TRAVERSE CITY — A local board of education trustee has filed grievances against two attorneys who previously represented Traverse City Area Public Schools.
Erica Moon Mohr, current vice president of the TCAPS Board of Education, sent two grievance letters to the Attorney Grievance Commission in Detroit last week, alleging lawyers working for former TCAPS legal counsel firm Clark-Hill PLC — Nancy Mullett and Jeff Butler — violated the code of ethics and revealed attorney-client privileged information.
Neither Mullet nor Butler, who is no longer with Clark-Hill, returned multiple calls for comment during the past week.
The accusations stem from events surrounding the resignation of former TCAPS Superintendent Ann Cardon in October 2019.
Moon Mohr claims that during a heated TCAPS board meeting on Oct. 11, 2019, Butler shouted her down as she read a letter deriding some of her fellow board members for what she believed were inappropriate actions against Cardon during a closed session days earlier. Butler told Moon Mohr to “stand down” and warned that she was violating or in danger of violating closed session confidentiality protected by the Open Meetings Act.
According to Moon Mohr’s complaint letter, on Oct. 28, 2019, she met with Mullet to talk about the events surrounding Cardon’s exit. Moon Mohr states in her grievance that Mullett told her anything said in that conversation was protected by attorney-client privilege. Moon Mohr also said Mullett used the contents of privileged conversations to file a criminal complaint with the Michigan State Police in December 2019.
Former Wexford County Prosecuting Attorney Jason Elmore later declined to pursue charges against Moon Mohr.
Last month, TCAPS retained Thrun Law Firm — which had served TCAPS since 1953 before the change to Clark-Hill in 2019. Switching legal representation was a priority for Moon Mohr after the election and appointment of four new board members who replaced several trustees with whom Moon Mohr had contentious relationships.
Moon Mohr said there was “so much static” surrounding the board before January.
“I believe in doing what’s right and standing up for what’s right — and this is definitely doing that,” Moon Mohr said, adding that she hopes some actions — either sanctions, license suspensions or disbarment — are taken against Mullett and Butler.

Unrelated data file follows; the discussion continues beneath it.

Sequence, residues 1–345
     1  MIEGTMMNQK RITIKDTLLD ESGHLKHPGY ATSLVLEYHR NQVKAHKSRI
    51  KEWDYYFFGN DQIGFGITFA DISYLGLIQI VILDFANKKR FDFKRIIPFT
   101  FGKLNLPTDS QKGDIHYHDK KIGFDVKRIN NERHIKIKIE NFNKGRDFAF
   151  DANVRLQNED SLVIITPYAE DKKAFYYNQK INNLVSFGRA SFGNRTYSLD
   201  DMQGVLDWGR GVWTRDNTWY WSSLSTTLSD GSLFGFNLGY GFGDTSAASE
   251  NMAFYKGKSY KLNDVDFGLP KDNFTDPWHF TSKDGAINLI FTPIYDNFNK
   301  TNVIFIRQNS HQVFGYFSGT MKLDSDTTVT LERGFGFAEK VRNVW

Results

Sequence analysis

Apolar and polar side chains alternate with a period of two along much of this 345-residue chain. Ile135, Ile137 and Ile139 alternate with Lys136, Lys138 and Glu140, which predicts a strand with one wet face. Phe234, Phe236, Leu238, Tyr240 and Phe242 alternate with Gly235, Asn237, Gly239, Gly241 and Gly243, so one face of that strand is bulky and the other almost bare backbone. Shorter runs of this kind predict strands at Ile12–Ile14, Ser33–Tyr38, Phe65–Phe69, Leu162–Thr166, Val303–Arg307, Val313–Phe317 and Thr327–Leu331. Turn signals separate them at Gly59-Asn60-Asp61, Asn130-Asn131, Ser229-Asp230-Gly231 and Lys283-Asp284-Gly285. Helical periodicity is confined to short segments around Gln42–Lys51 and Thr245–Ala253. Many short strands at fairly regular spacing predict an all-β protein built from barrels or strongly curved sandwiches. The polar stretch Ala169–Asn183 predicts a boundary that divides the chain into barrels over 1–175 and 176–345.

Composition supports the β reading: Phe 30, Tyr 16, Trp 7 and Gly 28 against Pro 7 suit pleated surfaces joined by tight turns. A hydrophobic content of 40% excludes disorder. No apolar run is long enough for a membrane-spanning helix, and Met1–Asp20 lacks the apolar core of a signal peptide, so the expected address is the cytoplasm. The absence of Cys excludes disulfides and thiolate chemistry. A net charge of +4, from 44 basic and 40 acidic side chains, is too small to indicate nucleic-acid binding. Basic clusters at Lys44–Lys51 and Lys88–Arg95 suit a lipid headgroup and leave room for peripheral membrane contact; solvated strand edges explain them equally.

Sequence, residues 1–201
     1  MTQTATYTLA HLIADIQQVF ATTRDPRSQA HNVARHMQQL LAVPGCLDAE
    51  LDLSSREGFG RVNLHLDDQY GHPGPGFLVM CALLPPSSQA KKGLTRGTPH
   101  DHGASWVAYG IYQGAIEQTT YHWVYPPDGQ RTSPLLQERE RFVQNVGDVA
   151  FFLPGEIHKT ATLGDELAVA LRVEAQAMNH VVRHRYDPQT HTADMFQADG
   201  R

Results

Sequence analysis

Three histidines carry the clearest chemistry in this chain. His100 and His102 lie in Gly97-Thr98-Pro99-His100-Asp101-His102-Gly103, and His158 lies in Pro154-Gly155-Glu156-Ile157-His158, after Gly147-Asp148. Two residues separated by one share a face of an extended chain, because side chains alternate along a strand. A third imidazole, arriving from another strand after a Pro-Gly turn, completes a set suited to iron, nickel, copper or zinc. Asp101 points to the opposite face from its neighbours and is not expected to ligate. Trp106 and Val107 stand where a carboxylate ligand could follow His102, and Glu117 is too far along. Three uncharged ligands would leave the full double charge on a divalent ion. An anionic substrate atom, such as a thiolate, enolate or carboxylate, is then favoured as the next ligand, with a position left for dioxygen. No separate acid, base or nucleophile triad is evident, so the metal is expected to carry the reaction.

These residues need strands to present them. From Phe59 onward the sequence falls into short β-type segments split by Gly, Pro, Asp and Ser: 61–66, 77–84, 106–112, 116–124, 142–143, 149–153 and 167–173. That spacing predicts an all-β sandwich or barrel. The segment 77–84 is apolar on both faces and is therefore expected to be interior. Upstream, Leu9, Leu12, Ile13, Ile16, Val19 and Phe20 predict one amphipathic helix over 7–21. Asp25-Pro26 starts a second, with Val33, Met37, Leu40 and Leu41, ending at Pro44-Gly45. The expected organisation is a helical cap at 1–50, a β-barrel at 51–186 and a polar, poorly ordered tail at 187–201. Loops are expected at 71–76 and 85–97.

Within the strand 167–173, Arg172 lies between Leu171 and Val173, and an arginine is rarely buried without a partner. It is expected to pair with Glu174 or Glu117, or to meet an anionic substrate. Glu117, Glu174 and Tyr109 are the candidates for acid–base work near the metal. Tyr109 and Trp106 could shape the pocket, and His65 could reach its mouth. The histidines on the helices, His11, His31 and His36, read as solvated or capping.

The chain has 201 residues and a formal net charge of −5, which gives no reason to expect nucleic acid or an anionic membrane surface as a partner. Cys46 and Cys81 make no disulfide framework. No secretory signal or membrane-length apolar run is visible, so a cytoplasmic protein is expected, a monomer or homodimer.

Scott Newman-Bale, who took over as TCAPS board president from Sue Kelly last month, was aware Moon Mohr would file grievances and said he does not have any issue with it. He said neither Clark-Hill nor Mullett and Butler represent TCAPS anymore and that Moon Mohr made a “personal decision.”
“If anything, it’s creating closure on the situation,” Newman-Bale said. “No one is in conflict. The board isn’t in conflict with Erica. No individuals are in conflict. This is purely an Erica action and not a board concern.”
Moon Mohr believes the full board has grounds for a malpractice case against Clark-Hill, calling some of the recommendations and advice from Clark-Hill “crazy.” That included “forcing” trustees to sign a non-disclosure agreement while in closed session during the Oct. 11, 2019, meeting, according to Moon Mohr’s grievance letter.
“There’s a lot of pieces looking back that just are eye-opening now,” Moon Mohr said. “I really believe the legal advice given at the time — not getting into specifics — was pretty awful.”
Local attorney Grant Parsons attended the Oct. 11 meeting. He has been an outspoken critic of TCAPS and previous TCAPS boards. Parsons said Butler’s and Mullett’s actions are something he’s never seen nor heard of — and they strike him as a conflict of interest.
Parsons also questioned if Mullett acted on her own in filing the report or if someone on the board directed her to do so.
“The TCAPS backdoor puzzle is a long way from being solved,” he said.
Ken Mogill, an attorney who specializes in professional ethics and is an adjunct professor at Wayne State University Law School, said the situation isn’t exactly black and white. School district legal counsel represents the board of education as an entity. That representation does not include individual board members for their individual conduct, Mogill said.
If a trustee goes against board policy and the lawyer believes the trustee’s conduct is placing the board as a whole at risk, the lawyer can protect the interests of the board through means he or she deems appropriate.
Mogill said that does not require the lawyer to file a police report, but it could warrant the lawyer taking protective action so the board “does not get dragged down by the improper conduct of one board member.”
In those situations, Mogill said an attorney usually takes direction from the board rather than acting on their own.
Although Mogill is not privy to all of the facts, he said Mullett could have been trying to “protect the board from a rogue member.” He added, however, that filing a criminal complaint likely was “overboard.” Mogill said it could have been made clear to the public that Moon Mohr’s actions were her own and not authorized by the board.
As for attorney-client confidentiality, Mogill called it the “foundation of our legal system” and said almost no circumstances exist in which a lawyer is “duty bound to reveal information learned in confidence for the purpose of seeking criminal prosecution.” Revealing such information puts the lawyer at “significant risk” of disciplinary proceedings, Mogill said.
One caveat Mogill added is that if the individual board member acted on his or her own and the lawyer was trying to protect the board, then there would be no violation of the obligation of confidentiality.
Officials from the State Bar of Michigan declined to comment or provide context on the situation.
Brad Banasik, legal counsel for the Michigan Association of School Boards, declined to comment specifically on the situation only to say that anyone can report an OMA violation to law enforcement or the county prosecutor’s office.